• suzettenaples profile image

      Suzette Walker 4 years ago from Taos, NM

      Denise: I love my coffee, but I do drink tea and have a good cup of tea every once in a while. I do have a teapot and special tea mugs and all the strainers for making loose tea as well as teabags. I should probably drink it more for the health benefits. I didn't realize the unusual places that most of our tea comes from. Kenya in Africa is a surprise to me as a large place that grows tea leaves. China, of course, is a no-brainer. LOL Thank you for sharing your knowledge of the tea world with us and I enjoyed reading this. Think I'll have a cup of tea now! Voted up and shared!

    • mr-veg profile image

      mr-veg 4 years ago from Colorado United States

      Nice Interesting facts Denise. Fore sure I would win a Tea Quiz show after reading your article :)

      Thanks for the learning fun.. Also I have a hub on tea making, so I went ahead and took the privilege to add your star studded hub as a link to mine :) I kind of did myself a favor by adding your hub to mine :D ...

    • Denise Handlon profile image

      Denise Handlon 4 years ago from North Carolina

      Hi DDE-thank you for reading so many of my hubs! I appreciate it. I love tea, and am a tea drinker. I would love to own a tea store or cafe, so I have a huge interest in the subject. Thanks for the vote up.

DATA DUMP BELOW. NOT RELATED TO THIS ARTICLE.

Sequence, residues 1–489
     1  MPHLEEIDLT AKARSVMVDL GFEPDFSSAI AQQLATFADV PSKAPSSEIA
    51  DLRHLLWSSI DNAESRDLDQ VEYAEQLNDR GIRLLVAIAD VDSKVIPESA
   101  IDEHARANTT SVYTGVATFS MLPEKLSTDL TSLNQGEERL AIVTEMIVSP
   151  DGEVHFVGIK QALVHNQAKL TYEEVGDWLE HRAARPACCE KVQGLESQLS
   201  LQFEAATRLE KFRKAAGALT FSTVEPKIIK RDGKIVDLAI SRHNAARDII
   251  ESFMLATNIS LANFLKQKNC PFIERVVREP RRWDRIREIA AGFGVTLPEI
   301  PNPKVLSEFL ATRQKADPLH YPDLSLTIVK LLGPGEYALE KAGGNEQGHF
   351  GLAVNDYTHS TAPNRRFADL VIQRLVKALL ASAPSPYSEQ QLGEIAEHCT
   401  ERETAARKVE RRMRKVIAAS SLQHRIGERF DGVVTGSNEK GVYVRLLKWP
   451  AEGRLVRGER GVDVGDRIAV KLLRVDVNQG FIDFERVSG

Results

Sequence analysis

Are you a tea drinker?

    • DDE profile image

      Devika Primić 4 years ago from Dubrovnik, Croatia

      I had to click on this hub this information is unique and so well researched about tea and the incredible facts. voted up.

    • Denise Handlon profile image

      Denise Handlon 4 years ago from North Carolina

      Hello chef-de-jour, thanks for stopping by. Yes, the humble leaf. I've been enjoying some new infusions, not fresh-boxed, but delicious, as well as a favorite friend: Red Rose. Cheers to you and dunking, too!

    • chef-de-jour profile image

      Andrew Spacey 4 years ago from Near Huddersfield, West Yorkshire,UK

      Wonderful hub with lots of facts about the humble leaf. As an avid tea slurper I have to confess I've just finished my umpteenth cup of the day - Yorkshire Gold, a great blend, rich and tasty, and now have to wait for over 12 hours before my next infusion.

      Must buy more biscuits - cookies - for dunking!

      Votes and share.

    • Denise Handlon profile image

      Denise Handlon 5 years ago from North Carolina